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SPACES OF NEGOTIATION

SPACES OF NEGOTIATION
  

MA in Research Architecture Graduation Exhibition
Opening: Tuesday 28th at 700pm

Venue: CRA studios RHB 312+313 – Main Building, Goldsmiths

curated by MARA graduate Dana Behrman

participants: Erhan Öze, Campbell Drake, Yazan AlKahlili, Duncan Marsden, Sidsel Hansen, Pol McLernon, Kerstin Schroedinger, Lottie Cantle, Lawrence Abu Hamdan, Dana Behrman, Leen Kayyali, Ana Reis

tutors: Eyal Weizman, John Palmesino, Andy Low, Ayesha Hammed, Paulo Tavares

Download Poster / Catalogue

SPACES OF NEGOTIATION

Spaces of Negotiation presents research projects developed by the students of the MA Programme at the Centre for Research Architecture, Goldsmiths – University of London, during the 2009-2010 academic year. Besides providing a common entry point to the different works at display, the title of the exhibition expresses a major conceptual thread discussed throughout the year, namely the idea that space – at architectural, urban or geographical scales – is first and foremost the product of socially conflicting – yet culturally and politically productive – forms of collective gatherings. Moreover, Spaces of Negotiation also attempts to function as a meta-narrative device, for the show not only makes explicit how the tool-box of architecture can be employed to visualize the way by which power relations give shape to the social, but also how the practice of architecture itself is one of the constitutive lines implicated in that process.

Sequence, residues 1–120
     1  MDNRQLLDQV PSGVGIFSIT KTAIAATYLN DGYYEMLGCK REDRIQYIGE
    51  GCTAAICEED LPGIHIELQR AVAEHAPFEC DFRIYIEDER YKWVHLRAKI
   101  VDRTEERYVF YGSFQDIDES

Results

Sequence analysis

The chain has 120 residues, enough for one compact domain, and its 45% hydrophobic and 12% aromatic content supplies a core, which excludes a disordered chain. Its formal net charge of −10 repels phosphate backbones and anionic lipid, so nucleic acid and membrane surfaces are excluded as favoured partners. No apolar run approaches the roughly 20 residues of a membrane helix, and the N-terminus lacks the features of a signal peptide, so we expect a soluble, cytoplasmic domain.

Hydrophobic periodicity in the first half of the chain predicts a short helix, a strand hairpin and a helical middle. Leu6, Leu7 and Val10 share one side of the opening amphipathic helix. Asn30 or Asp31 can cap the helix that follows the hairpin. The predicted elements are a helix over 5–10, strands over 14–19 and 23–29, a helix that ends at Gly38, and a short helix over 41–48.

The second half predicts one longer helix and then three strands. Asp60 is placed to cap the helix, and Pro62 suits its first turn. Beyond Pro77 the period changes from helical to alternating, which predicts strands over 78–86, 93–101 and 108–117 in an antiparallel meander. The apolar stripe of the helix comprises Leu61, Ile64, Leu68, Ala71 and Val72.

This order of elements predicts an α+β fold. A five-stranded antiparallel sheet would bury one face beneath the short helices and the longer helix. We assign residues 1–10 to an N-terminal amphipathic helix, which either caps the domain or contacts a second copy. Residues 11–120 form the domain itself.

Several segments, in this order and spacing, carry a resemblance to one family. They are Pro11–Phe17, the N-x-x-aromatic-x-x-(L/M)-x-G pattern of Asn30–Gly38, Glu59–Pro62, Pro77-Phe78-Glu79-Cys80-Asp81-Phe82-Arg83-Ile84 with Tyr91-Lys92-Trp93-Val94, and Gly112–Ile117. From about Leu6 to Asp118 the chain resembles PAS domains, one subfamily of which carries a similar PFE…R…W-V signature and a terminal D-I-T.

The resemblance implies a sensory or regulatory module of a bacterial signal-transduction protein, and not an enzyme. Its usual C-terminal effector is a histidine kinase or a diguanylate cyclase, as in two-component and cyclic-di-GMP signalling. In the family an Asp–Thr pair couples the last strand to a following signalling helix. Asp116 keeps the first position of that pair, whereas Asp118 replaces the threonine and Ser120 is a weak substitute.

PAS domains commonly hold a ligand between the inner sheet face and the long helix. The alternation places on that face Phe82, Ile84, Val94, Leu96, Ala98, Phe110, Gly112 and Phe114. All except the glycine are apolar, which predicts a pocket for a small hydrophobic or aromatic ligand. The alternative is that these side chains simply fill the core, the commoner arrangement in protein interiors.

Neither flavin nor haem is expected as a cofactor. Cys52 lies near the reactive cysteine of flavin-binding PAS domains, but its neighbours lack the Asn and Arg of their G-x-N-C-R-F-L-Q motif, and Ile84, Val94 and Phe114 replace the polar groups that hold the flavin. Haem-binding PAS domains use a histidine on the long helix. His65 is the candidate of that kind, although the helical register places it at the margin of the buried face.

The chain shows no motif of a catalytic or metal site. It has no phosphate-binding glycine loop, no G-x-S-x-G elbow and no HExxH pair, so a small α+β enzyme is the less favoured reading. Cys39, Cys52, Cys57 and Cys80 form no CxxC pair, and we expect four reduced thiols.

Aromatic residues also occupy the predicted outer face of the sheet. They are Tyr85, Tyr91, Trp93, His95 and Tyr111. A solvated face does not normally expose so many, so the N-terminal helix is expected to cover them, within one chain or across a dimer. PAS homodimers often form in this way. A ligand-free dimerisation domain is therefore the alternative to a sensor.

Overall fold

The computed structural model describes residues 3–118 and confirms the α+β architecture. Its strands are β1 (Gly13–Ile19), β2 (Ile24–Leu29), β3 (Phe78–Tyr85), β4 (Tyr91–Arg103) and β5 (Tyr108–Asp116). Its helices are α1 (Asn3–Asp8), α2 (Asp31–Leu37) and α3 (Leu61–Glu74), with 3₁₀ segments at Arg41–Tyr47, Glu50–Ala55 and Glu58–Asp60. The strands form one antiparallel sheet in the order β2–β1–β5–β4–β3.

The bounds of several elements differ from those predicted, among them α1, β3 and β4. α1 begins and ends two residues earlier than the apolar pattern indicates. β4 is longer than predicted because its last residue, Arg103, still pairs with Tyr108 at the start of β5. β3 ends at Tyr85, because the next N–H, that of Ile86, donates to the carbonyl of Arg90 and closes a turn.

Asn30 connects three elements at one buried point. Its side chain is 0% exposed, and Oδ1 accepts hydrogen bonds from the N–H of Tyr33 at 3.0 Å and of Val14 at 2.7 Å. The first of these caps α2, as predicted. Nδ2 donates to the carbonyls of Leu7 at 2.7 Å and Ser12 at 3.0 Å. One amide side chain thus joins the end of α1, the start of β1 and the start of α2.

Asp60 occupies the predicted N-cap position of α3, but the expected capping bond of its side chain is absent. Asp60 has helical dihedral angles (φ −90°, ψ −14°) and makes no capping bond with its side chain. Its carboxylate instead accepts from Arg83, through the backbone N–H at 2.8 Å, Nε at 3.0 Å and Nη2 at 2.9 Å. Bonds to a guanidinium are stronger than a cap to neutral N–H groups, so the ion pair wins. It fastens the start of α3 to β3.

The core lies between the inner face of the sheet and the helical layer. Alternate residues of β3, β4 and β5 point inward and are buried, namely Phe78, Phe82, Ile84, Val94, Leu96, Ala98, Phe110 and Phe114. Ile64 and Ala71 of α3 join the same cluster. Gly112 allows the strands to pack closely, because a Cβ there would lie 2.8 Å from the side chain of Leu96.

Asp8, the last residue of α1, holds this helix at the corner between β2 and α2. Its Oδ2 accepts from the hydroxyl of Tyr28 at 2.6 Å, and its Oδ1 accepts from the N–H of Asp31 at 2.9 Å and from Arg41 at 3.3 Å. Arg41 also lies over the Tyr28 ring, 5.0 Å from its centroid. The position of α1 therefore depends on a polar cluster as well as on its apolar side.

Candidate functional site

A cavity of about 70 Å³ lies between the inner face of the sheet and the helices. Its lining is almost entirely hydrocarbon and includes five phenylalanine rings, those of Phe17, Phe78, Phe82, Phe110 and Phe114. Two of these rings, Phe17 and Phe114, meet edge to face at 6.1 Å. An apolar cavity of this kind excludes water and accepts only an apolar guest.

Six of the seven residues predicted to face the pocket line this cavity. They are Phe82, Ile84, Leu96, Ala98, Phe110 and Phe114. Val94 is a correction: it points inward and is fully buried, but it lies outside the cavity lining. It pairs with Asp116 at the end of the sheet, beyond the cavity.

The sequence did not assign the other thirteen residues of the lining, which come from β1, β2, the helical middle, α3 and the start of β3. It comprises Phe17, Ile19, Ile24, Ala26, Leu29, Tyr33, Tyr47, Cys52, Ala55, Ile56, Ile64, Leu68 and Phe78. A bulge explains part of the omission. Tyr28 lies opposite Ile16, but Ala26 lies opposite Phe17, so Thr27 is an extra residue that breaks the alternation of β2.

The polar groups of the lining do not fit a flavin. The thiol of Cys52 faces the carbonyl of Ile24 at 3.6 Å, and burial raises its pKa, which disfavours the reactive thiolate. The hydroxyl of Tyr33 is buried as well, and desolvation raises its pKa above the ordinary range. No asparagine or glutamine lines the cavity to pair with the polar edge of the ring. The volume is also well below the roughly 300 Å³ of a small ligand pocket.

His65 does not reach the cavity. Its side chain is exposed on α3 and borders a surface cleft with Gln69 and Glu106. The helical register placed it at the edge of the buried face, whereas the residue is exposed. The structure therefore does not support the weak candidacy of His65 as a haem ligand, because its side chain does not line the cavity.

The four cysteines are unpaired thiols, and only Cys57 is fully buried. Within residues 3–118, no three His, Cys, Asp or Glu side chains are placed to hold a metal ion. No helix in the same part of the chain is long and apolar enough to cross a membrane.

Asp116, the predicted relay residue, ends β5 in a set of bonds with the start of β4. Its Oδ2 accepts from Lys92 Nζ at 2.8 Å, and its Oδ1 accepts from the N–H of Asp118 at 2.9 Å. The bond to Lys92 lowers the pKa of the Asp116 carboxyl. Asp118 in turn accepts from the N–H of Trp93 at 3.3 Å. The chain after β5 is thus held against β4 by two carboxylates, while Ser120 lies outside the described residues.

Negotiation, understood as a collective practice and all derived cultural activities implied thereof, requires – or perhaps, one could even say, it is possible only because of – a set of architectural devices that enable and sustain its material reality. Being it a political, a juridical, a cultural or a public forum – the parliament, the court, the museum or the city square – spaces of negotiation are produced by registering the codes of political, legal and aesthetic relations into tangible and functional spatial structures. Yet this literal analogy is not sufficient to probe the question set forth. The conceptual critical point here goes beyond what is institutionally and formally defined. Architecture is analyzed not only as the materiality that holds a political arena together but – and more importantly – the very object around which a collective comes into being. To put it in different words: negotiation not only happens in space but over spatial issues, for politics and aesthetics are not abstract relations between individuals but an organized set of partitions established around the dispute over boundaries. Hence the (political) essence of architecture become sensible: before being a wall, a wall is a device that regulates flows and controls movements; before being a window, a window is an operative tool that modulates modes of vision… Not only the site neither solely the object of practices of negotiation; architecture is the very medium through which agreements and disagreements are manifested in everyday reality.